He needs credibility and I don't think he has yet earned the trust of the voters.

In addition to his lack of specific ideas and plans, there are two things that bother me about Obama.

The first is the Reverend Jeremiah Wright issue and the second is his lack of what can only be called patriotism.

I firmly believe that his refusal to wear a flag pin on his lapel and his failure to hold his hand over his heart when the National Anthem is played are both purposeful and aimed at John McCain.

Why else would a candidate for the highest office in the nation snub the nation's most important symbols?

The U.S. Code, Title 36, Chapter 10, subsections 170 and 171, outline the rules for the playing of the National Anthem and the conduct of those present when the anthem is played.

While the Code does not prescribe penalties for those who disobey the rules, it is clear that those who are running for high office should pay some honor to the code by doing what it recommends.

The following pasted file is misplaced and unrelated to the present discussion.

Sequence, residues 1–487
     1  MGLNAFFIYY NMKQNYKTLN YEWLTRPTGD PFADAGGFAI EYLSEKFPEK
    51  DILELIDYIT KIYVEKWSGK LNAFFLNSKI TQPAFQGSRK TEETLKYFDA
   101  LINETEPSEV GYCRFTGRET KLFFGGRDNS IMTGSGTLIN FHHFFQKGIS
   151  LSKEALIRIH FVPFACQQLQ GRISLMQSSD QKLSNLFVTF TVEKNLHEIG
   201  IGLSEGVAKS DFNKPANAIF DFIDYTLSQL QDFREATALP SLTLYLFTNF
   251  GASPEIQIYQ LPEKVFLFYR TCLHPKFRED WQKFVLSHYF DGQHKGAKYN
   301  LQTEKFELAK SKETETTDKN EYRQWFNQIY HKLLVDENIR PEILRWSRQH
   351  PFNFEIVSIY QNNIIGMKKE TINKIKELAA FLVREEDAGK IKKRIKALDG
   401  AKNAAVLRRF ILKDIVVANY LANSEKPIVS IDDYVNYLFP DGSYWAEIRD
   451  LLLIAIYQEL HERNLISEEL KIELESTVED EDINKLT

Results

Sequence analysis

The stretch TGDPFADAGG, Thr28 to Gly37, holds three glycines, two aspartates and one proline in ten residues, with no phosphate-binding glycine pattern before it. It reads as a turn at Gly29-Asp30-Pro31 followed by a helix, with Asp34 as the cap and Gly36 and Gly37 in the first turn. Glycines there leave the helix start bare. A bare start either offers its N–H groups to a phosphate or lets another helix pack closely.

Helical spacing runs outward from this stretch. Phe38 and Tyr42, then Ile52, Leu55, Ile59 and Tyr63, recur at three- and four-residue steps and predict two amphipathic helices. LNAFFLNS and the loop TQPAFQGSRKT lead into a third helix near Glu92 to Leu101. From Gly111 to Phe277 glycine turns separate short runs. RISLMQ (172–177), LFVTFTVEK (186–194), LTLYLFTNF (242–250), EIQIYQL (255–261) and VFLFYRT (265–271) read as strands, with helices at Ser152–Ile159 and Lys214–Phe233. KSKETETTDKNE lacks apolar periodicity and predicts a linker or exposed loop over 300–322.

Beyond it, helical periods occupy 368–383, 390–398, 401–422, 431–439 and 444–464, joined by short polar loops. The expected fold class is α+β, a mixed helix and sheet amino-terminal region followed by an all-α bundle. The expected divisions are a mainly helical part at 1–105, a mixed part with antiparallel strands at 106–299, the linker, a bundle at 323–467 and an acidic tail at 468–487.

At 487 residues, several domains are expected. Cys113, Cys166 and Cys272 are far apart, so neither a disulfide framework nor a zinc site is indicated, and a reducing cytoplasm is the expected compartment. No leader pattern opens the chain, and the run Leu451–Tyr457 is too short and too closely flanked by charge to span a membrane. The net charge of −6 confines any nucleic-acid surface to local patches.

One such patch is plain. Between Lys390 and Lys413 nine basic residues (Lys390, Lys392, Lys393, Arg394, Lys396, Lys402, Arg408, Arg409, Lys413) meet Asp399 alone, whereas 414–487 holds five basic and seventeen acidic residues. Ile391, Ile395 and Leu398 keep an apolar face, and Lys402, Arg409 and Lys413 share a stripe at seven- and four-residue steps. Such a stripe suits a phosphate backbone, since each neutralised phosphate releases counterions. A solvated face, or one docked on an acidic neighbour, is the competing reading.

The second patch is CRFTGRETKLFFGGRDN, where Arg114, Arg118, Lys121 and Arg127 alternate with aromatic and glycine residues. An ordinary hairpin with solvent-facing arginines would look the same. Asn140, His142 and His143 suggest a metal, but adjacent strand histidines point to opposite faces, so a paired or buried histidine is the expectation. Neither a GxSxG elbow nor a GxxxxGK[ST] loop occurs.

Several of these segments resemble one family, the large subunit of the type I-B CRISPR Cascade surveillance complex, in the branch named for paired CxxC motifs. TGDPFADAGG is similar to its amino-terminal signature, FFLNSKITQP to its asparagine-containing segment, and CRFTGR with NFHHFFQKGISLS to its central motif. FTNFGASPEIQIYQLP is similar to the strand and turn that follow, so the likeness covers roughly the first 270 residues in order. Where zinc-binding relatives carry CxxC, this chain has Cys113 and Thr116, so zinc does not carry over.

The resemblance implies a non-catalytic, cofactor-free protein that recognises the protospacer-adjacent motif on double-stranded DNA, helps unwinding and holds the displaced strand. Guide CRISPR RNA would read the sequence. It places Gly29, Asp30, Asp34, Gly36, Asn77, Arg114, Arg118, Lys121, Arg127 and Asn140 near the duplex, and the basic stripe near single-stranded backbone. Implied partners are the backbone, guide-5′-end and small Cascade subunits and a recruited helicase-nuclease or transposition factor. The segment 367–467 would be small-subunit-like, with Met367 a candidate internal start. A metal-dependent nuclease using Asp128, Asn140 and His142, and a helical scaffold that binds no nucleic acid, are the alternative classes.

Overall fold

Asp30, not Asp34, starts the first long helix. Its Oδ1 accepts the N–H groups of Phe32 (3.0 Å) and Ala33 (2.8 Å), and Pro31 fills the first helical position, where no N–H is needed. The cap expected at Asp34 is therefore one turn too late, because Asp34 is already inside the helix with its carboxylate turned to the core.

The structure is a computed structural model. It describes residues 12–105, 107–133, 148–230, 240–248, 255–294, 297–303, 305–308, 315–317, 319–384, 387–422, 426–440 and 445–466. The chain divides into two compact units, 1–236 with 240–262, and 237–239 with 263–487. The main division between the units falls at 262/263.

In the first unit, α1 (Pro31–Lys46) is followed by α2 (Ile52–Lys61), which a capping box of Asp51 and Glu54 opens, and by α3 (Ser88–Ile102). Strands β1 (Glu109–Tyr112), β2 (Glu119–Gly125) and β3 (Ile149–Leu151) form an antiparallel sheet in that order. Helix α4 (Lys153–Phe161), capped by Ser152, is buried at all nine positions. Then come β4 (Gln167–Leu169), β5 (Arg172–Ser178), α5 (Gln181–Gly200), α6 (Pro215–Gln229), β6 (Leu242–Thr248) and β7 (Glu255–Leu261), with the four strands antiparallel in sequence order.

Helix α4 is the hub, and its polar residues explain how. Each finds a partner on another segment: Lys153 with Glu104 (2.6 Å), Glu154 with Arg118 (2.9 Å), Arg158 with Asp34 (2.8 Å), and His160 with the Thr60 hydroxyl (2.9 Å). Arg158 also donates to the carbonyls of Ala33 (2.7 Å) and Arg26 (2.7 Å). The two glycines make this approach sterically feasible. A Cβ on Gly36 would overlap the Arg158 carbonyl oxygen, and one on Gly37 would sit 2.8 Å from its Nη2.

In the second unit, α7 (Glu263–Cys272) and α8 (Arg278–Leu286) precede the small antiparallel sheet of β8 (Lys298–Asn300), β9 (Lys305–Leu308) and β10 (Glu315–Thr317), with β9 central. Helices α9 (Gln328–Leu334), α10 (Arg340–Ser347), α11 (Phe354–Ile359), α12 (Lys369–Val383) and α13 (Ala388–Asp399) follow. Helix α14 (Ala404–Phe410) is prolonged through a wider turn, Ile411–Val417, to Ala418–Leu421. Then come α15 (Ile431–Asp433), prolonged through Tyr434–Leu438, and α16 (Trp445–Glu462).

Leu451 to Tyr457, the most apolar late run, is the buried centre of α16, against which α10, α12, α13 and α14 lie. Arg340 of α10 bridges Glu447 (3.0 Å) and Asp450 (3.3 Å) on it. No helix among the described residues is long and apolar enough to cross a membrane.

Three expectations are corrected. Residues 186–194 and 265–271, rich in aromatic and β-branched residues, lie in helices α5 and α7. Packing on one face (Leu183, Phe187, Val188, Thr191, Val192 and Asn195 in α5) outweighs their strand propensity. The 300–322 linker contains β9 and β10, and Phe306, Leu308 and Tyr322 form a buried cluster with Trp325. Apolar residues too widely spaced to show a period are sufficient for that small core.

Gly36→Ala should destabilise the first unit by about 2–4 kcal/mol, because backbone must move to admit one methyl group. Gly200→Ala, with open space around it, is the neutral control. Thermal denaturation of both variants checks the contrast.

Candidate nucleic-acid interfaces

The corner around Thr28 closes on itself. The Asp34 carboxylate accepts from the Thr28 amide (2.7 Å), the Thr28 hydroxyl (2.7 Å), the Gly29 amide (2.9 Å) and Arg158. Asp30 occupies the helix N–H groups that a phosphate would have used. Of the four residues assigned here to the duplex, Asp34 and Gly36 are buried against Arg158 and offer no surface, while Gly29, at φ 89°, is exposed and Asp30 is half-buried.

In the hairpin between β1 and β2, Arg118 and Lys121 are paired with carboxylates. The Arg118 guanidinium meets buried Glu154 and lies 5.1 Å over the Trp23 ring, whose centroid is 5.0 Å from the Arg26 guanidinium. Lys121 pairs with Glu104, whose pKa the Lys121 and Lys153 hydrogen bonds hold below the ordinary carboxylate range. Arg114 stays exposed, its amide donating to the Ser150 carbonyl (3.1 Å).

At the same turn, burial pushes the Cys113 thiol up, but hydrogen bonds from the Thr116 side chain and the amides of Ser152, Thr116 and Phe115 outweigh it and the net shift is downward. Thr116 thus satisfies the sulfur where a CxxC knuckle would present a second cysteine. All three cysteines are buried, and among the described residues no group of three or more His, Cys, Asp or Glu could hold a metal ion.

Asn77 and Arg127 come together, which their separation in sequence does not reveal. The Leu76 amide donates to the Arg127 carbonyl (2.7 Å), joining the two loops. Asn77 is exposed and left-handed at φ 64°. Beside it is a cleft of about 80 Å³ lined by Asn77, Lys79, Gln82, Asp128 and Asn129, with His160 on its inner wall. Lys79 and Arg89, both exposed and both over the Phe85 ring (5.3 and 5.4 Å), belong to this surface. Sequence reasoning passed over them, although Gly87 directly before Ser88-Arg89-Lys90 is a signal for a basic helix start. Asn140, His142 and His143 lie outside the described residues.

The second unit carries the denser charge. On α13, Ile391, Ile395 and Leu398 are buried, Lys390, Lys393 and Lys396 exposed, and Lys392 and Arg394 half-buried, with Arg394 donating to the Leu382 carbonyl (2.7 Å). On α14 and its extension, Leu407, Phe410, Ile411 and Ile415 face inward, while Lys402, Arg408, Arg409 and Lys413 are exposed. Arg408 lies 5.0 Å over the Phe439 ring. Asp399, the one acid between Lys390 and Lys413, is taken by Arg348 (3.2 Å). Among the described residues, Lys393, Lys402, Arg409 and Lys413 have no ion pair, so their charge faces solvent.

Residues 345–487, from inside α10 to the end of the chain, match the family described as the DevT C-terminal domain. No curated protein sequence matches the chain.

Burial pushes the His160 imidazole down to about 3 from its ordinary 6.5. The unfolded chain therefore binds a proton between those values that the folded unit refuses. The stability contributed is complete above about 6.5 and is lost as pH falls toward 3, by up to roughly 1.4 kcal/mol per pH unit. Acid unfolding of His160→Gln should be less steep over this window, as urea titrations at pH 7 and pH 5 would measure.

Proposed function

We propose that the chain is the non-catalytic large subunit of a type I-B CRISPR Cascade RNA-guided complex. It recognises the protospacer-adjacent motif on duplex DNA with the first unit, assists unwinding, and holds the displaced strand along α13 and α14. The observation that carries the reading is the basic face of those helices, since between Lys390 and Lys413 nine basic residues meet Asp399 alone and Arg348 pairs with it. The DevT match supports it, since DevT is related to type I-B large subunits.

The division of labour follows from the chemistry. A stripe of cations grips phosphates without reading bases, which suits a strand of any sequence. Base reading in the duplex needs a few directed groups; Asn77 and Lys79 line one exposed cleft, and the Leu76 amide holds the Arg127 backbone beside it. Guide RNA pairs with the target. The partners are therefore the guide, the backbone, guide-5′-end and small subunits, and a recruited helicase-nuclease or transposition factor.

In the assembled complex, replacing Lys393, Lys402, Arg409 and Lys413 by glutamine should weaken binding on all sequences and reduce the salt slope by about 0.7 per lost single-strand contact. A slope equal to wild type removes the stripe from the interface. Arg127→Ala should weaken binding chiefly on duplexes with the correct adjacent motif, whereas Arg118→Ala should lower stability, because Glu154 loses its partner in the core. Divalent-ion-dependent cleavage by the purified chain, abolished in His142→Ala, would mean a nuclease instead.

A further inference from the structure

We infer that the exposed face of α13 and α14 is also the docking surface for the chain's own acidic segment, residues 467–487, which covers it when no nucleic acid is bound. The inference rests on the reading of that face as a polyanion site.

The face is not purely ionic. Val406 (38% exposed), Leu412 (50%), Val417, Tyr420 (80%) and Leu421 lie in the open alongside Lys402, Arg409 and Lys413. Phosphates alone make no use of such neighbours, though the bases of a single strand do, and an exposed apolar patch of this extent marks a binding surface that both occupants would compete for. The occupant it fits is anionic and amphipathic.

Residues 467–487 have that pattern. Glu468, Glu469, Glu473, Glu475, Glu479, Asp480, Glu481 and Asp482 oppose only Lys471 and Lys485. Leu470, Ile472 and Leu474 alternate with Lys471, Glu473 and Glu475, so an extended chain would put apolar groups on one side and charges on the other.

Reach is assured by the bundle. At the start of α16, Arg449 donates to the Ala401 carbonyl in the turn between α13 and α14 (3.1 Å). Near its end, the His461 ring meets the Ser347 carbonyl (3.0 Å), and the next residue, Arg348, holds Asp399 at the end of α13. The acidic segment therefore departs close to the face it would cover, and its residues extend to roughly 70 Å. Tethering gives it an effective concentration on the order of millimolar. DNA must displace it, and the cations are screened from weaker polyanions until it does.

What does the US Code say about the prescribed behavior during the playing of the Star Spangled Banner?

It's words are succint and not at all open to interpretation.

"During the rendition of the National Anthem when the flag is displayed, all present, except those in uniform, should stand at attention facing the flag with the right hand over the heart."

On the campaign trail, Obama stands at what might pass for attention at a disorganized Boy Scout meeting, but he does not ever put his hand over his heart.

Nor, does he wear the traditional American Flag pin over his heart, as do many others.